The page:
Unlike prior years, there was a distinct sense of dread and powerless foreboding in this year’s Jackson Hole meeting, starting with Jerome Powell’s “boring” speech in which he blamed Trump’s trade war for the Fed’s inability to stimulate the economy, and culminating with Mark Carney unprecedented capitulation, effectively admitting that the fiat system has failed and the dollar can no longer be the world’s reserve currency (instead punting that obligation to ‘global central banker’ Mark Zuckerberg and his Libracoin).
Indeed, as even the FT concludes, “there was a sense that things will never be the same again.”
In its summary of this week’s Wyoming outing, the FT also wrote that “the developed world had experienced a “regime shift” in economic conditions, James Bullard, president of the St Louis Federal Reserve, told the Financial Times.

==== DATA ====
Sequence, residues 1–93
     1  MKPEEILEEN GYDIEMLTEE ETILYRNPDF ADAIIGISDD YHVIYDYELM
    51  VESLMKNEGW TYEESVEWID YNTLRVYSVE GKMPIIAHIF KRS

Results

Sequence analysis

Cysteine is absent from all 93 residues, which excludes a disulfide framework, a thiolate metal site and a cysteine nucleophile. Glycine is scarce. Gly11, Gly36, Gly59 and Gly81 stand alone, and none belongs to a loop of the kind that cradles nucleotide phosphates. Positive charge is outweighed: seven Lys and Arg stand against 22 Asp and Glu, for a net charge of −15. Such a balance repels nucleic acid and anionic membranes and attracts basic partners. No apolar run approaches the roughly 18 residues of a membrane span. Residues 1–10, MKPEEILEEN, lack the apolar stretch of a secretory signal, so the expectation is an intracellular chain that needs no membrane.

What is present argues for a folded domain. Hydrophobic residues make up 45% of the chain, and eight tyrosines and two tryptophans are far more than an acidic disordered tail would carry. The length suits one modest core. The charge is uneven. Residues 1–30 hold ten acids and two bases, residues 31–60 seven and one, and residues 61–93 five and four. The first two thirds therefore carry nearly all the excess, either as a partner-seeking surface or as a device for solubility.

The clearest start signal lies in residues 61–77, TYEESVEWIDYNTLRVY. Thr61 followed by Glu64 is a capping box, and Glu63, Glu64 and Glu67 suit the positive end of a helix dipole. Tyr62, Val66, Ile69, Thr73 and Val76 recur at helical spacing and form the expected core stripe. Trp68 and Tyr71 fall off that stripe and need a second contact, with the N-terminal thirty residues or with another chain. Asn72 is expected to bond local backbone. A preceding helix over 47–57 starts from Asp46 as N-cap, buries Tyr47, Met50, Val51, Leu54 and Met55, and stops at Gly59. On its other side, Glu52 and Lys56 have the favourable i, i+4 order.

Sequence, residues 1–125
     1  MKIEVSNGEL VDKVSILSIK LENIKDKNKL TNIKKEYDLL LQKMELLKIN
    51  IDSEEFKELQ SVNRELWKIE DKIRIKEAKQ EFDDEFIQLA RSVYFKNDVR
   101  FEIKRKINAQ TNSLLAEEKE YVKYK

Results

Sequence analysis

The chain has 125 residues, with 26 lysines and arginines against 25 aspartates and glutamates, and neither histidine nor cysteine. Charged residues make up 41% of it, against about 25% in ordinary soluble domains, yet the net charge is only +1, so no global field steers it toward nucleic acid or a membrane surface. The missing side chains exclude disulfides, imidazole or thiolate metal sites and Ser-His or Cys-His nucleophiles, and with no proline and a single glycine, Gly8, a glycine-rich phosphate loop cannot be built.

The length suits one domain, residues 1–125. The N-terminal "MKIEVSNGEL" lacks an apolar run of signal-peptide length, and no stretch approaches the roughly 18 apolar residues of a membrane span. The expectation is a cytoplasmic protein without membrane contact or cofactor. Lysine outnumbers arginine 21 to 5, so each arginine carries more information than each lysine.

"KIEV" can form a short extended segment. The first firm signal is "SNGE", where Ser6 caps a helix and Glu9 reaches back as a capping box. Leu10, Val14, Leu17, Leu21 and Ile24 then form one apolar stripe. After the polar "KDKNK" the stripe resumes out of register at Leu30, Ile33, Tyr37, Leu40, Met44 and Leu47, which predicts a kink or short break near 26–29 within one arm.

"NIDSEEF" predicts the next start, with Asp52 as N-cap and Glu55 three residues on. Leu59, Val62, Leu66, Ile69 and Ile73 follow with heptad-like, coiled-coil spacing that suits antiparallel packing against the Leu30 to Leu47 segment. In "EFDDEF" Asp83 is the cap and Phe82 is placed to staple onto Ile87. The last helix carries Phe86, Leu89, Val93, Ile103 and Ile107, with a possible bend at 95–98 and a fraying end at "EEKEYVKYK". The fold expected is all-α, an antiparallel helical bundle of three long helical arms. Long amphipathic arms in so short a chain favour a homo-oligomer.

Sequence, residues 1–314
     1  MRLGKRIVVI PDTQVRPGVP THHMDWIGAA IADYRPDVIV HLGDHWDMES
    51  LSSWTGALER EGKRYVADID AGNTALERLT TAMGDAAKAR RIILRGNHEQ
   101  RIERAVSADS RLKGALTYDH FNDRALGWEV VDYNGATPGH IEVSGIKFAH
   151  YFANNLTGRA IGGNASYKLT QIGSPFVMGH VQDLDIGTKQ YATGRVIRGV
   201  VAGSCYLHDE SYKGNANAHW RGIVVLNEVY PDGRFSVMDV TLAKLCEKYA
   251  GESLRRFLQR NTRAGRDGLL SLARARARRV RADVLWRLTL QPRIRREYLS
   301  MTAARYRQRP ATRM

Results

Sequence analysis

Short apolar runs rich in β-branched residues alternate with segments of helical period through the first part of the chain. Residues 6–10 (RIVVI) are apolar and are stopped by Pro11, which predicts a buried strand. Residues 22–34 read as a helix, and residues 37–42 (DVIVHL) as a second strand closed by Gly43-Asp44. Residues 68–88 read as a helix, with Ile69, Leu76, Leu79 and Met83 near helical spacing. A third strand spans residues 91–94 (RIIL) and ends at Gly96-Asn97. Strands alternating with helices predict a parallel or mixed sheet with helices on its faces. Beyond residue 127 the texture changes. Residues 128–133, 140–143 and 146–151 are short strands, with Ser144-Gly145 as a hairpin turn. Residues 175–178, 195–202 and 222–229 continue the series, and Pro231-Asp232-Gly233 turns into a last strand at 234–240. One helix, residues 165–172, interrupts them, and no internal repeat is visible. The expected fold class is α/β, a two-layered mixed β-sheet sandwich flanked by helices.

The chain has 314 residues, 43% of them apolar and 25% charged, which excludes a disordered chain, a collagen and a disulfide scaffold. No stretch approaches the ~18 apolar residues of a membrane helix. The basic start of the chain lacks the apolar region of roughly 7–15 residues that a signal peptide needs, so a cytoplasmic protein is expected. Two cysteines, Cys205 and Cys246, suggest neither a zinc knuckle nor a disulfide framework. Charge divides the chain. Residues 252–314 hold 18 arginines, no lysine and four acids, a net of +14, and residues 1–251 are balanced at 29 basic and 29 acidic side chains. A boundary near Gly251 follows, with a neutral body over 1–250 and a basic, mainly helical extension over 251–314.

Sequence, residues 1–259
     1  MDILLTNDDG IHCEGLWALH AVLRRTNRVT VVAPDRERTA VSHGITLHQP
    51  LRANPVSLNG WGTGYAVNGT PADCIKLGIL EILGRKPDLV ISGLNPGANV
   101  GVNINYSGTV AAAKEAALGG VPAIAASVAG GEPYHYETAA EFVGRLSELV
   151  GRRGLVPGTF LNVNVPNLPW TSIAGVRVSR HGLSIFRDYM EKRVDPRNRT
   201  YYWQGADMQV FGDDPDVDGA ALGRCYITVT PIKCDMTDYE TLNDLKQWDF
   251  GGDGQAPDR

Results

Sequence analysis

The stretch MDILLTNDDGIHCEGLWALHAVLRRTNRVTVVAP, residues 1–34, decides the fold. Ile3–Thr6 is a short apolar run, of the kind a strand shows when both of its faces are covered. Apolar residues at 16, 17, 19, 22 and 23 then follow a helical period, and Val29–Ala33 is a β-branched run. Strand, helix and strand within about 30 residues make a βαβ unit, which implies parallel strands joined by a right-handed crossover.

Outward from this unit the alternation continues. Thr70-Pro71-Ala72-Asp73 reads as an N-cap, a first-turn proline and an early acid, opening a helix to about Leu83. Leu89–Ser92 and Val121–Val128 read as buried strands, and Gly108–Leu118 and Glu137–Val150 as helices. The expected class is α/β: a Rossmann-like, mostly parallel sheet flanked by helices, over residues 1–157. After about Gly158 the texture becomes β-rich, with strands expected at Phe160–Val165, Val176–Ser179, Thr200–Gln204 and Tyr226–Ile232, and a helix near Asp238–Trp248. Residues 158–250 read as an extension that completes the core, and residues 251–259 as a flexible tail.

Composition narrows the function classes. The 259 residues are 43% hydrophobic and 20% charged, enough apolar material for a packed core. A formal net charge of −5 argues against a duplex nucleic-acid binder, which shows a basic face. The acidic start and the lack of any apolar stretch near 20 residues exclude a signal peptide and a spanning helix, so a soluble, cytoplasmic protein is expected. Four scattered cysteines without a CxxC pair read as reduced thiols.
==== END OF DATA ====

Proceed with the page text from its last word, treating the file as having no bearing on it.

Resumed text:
“Something is going on, and that’s causing I think a total rethink of central banking and all our cherished notions about what we think we’re doing,” Bullard admitted. “We just have to stop thinking that next year things are going to be normal… They’ve priced in that there’s going to be uncertainty, there are going to be tweets, there are going to be threats and counter-threats,” said the St Louis Fed president. “And that’s the way it’s going to be.”
And as the FT further admits, “interest rates are not going back up anytime soon, the role of the dollar is under scrutiny both as a haven asset and as a medium of exchange, and trade uncertainty has become a permanent feature of policymaking.”
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